For this, each VPN employs a variety of protocols with varying levels of security. Some instances are as follows:
✅ Security of the Internet Protocol (IPSec)
IPSec secures the Internet session by authenticating it and encrypting data sent over it. It has two modes: transport and tunnelling, which ensures data security while being transferred between networks. To make sessions even safer, IPSec can be integrated with other security protocols.
✅ Tunneling Protocol at Layer 2 (L2TP)
One of the other protocols that can be used with IPSec is L2TP. It establishes a tunnel between two sites, with IPSec handling the encryption of data sent back and forth.
✅ Protocol for Point-to-Point Tunneling (PPTP)
PPTP is an all-in-one protocol that both builds and encrypts the tunnel. Even on Mac and Linux platforms, it is widely used and maintained.
There is must be a No logging policy
This is important to keep in mind because not all VPNs offer a no-logging policy. Logs are historical files that keep track of your Internet activities. If no logs are kept, the VPN service provider surely cannot sell or send over the information to any government or law enforcement agency, right?
If a VPN has a no-logging policy, it will usually be noted prominently on its website.
What Is A VPN And How Do I Use It?
Although each VPN will have its own set of procedures, the basic idea is that you instal VPN software on a device (such as your router, PC, or smartphone). When you first start the software, you may be prompted to enter your VPN login and password, although other VPNs provide you with more options.
Picking the security protocol you want to utilise, or manually selecting which server location you want to connect to, are examples of these options.
What Kinds of Devices Does a VPN Support?
VPNs can normally work on three types of devices (depending on the service provider): desktops/laptops, smartphones/tablets, and routers. They will typically work on platforms that include Windows, Mac OS, iOS, Android, and Linux (Most routers are Linux based).
It's worth noting that not all routers support VPNs. If you're using one of the better, more well-known brands and models, you should be able to use a VPN, but it's best to confirm with the manufacturer or simply ask on a forum. My router is a TP-Link Archer C7, which has this capability.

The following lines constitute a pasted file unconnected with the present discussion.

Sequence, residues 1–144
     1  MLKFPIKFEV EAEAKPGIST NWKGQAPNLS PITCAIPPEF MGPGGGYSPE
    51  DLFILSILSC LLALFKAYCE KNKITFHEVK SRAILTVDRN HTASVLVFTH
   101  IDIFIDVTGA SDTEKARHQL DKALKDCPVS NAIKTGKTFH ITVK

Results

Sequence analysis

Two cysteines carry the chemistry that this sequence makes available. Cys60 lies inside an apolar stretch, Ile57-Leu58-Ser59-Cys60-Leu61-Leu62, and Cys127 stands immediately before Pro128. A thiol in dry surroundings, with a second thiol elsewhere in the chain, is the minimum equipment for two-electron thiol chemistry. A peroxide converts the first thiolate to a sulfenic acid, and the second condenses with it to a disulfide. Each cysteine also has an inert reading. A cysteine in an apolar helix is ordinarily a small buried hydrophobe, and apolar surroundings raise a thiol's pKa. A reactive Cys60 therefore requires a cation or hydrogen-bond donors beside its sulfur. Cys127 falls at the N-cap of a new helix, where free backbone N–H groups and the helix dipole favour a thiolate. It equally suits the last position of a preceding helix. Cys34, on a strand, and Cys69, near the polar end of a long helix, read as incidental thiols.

*Most VPNs will provide you with a tutorial to assist you in setting up numerous devices.
I know there are some websites that claim you require custom firmware like DD-WRT or Tomato, but this is just not true. If your router does not support a VPN out of the box, flashing it to one of those might help.
Then there's the caveat: even if you're using a VPN on your phone, there are a lot of mobile apps (that you might have loaded) that contain a lot more information than your IP address. Remember those nagging permissions you had to allow when you first installed them? This implies that even if you use a VPN, your data can still be transferred to the app's developers.
Is it difficult for me to use?
Not really, to put it that way. Almost every VPN service has comprehensive tutorials on how to set up their apps on numerous devices. I've gone through quite a few of them, and some even have step-by-step instructions on how to set up.
Take a look at the How to Setup page for ExpressVPN as an example.
*Most VPN companies will have a similar page with highly thorough instructions. In fact, some apps are so simple to set up that all you have to do is input your login and password, choose a server, and you're good to go.
Will a VPN affect the speed of my internet connection?
Maybe this is the best answer to this question: There will almost always be a minor lag due to the nature of the service. With almost all good VPN providers, however, this lag is hardly perceptible.
However, if your ISP throttles Internet connections for whatever reason, using a VPN may help you get faster. Many high-end VPN services have great networks that rely on tier-1 bandwidth sources.
As a general rule, any speed dips you experience will be slightly larger the farther distant the server you connect to is.
Note on speed from a technical standpoint